Augustin-Jean Fresnel (pronounced [freɪ'nel] or fray-NELL in American English, [fʁɛ'nɛl] in French) (May 10, 1788 – July 14, 1827), was a French physicist who by his theories and discoveries advanced support for the wave theory of light. He invented a specialized lens that was used to intensify the light in lighthouses.
Fresnel was one of four children of an architect, born at Broglie (Eure) in Normandy. His early progress in learning was slow, and he could barely read when he was eight years old. But at age nine, he is said to have made improvements to some toy weapons that turned them into dangerous armaments, and which were, as a result, proscribed by the elders of the community in which he lived. At thirteen, he entered the École Centrale in Caen, where he was instructed by an illustrious and well-qualified roster of teachers. At sixteen and a half, he transferred to the École Polytechnique, where he attracted the attention of famed mathematician Adrien-Marie Legendre, who as an examiner, noticed a novel solution for a geometric problem provided by Fresnel on an exam. This encouraged Fresnel in his studies and his approach to mathematics and science. From there he went to the École des Ponts et Chaussées where he studied engineering.
After graduation, Fresnel served as an engineer successively in the departments of Vendée, Drôme, and Ille-et-Vilaine, primarily in the departments of road construction. In 1814, because he was a supporter of the French monarchy, he lost his appointment on Napoleon's return to power. In 1815, he joined the armed services of the royalist forces, but the strain on his constitution did not permit him to stay long in that capacity.
On the second restoration of the monarchy, Fresnel obtained a post as engineer for the roads of Paris. His researches in optics appear to have been begun about the year 1814, when he prepared a paper on the aberration of light, which, however, was not published because its details appeared to have already been brought to light by earlier investigators. At that time, he began studying the phenomenon called polarized light, which would be the subject of many of his later researches and discoveries. In 1818, he wrote a memoir on diffraction for which in the ensuing year he received the prize of the Académie des Sciences at Paris. During this time, he also began investigations on a lens assembled from prisms of glass for use as an amplifier of light in lighthouses. He demonstrated this lens and its light intensification powers in 1821, when it was used to establish the distances between points on the British and French sides of the English Channel. Fresnel and Francois Arago developed a brighter lamp, now called the Fresnel lamp, to use in conjunction with the improved lens. In 1822, he presented a memoir before the French Academy of Sciences on his new system and its use in lighthouses, generously offering credit to other scientists who had described similar systems. In 1823, his lamp and lens was installed in the first lighthouse, the construction of which was underwritten by the French government. Fresnel was appointed secretary of lighthouses for the French government, a post which he held concurrently with his engineering position. In the same year, Fresnel was unanimously elected a member of the French Academy of Sciences, and in 1825, he became a foreign member of the Royal Society of London.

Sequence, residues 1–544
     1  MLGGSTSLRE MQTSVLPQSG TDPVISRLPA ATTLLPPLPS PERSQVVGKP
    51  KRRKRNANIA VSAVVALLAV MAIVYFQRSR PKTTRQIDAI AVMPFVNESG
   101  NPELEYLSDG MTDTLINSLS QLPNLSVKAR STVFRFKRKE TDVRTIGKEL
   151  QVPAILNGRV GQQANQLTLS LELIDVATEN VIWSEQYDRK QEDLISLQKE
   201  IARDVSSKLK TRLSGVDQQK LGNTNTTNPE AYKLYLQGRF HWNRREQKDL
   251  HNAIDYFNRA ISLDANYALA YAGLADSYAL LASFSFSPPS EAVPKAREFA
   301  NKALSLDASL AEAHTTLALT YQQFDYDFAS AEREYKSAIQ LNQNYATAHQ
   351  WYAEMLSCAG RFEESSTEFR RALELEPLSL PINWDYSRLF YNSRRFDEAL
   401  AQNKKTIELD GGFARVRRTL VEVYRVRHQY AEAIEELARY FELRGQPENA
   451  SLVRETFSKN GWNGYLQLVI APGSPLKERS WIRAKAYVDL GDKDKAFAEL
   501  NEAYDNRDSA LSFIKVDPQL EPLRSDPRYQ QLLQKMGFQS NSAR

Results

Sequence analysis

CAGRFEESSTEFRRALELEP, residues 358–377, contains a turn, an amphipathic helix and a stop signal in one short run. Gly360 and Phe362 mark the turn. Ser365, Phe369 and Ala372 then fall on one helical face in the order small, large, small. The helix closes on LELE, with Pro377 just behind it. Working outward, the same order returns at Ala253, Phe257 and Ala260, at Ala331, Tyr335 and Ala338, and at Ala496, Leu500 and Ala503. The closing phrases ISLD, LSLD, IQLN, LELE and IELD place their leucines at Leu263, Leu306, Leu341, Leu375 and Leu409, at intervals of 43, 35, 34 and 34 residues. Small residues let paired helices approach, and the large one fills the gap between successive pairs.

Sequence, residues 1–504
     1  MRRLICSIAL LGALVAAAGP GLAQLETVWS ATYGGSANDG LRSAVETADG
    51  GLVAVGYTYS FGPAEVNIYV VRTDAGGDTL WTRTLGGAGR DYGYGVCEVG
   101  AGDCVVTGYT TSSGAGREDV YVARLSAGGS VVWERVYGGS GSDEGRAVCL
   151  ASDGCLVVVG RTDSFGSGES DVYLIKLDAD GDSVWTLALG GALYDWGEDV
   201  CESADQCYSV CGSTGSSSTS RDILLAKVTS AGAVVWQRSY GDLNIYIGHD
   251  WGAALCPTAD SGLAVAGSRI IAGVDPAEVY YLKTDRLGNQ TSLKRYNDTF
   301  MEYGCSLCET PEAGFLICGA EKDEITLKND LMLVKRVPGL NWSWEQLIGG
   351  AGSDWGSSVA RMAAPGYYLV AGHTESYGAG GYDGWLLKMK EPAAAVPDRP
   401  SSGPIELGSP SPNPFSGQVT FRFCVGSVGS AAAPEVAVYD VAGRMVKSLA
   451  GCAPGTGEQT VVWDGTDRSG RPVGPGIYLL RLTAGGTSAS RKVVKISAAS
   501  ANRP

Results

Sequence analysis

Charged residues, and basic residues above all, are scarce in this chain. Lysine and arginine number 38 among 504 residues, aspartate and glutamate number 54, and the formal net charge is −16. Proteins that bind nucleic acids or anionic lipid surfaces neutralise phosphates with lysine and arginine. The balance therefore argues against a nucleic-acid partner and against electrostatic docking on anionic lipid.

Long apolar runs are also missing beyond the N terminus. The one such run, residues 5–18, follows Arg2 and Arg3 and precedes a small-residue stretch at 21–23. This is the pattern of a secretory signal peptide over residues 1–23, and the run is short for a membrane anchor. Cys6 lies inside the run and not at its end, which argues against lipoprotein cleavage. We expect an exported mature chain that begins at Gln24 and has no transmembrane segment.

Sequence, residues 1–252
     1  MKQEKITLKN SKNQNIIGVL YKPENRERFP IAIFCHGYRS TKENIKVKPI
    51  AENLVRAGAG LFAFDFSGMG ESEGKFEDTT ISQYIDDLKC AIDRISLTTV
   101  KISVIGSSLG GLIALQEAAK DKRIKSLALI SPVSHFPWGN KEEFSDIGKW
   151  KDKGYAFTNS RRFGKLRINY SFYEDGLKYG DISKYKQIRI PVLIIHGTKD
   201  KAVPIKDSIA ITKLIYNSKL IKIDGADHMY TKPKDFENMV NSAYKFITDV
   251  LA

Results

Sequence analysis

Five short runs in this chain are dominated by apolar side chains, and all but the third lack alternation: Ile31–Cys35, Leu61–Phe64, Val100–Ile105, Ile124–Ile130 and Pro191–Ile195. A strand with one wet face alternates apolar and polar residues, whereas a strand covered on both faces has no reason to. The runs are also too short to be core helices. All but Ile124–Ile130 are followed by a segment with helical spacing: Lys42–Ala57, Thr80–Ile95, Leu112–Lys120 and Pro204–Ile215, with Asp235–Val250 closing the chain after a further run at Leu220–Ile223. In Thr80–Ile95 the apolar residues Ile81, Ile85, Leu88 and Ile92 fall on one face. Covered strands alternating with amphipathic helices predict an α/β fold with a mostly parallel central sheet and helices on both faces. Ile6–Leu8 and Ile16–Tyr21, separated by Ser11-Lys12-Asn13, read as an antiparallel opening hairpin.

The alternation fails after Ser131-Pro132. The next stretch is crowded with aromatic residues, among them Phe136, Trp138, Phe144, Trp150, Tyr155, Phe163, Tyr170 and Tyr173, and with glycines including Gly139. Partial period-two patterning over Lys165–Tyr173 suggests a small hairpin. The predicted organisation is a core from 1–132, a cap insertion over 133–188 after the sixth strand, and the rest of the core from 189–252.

In Fresnel's later years, he suffered both economically and physically. In order to enhance his meager income, he took a job as temporary examiner for the Ecole Polytechnic, but was forced to relinquish this work in 1824, because of poor health. Soon after, he retired to Ville-d'Avray and refrained from scientific work. His interest in the practical application of science is evident from his words spoken not long before his death:
"I could have wished to live longer, because I perceive that there are in the inexhaustible range of science, a great number of questions of public utility, of which, perhaps, I might have had the happiness of finding the solution" (Arago, 1859, p. 278).
The Royal Society of London presented him with the Rumford Medal, which he received while in the last stages of tuberculosis. He died in 1827.
Fresnel was of a frail constitution, and had a meek manner that was not overbearing. It was said that if one of his colleagues was shown to have committed a transgression as a public servant, his mild manner would be replaced by swift outrage. He was generally self-effacing, and far more interested in the pursuit of science and the public welfare than in fame. As he wrote to Young in 1824, in him "that sensibility, or that vanity, which people call love of glory" had been blunted. "All the compliments," he says, "that I have received from Arago, Laplace, and Biot never gave me so much pleasure as the discovery of a theoretic truth, or the confirmation of a calculation by experiment."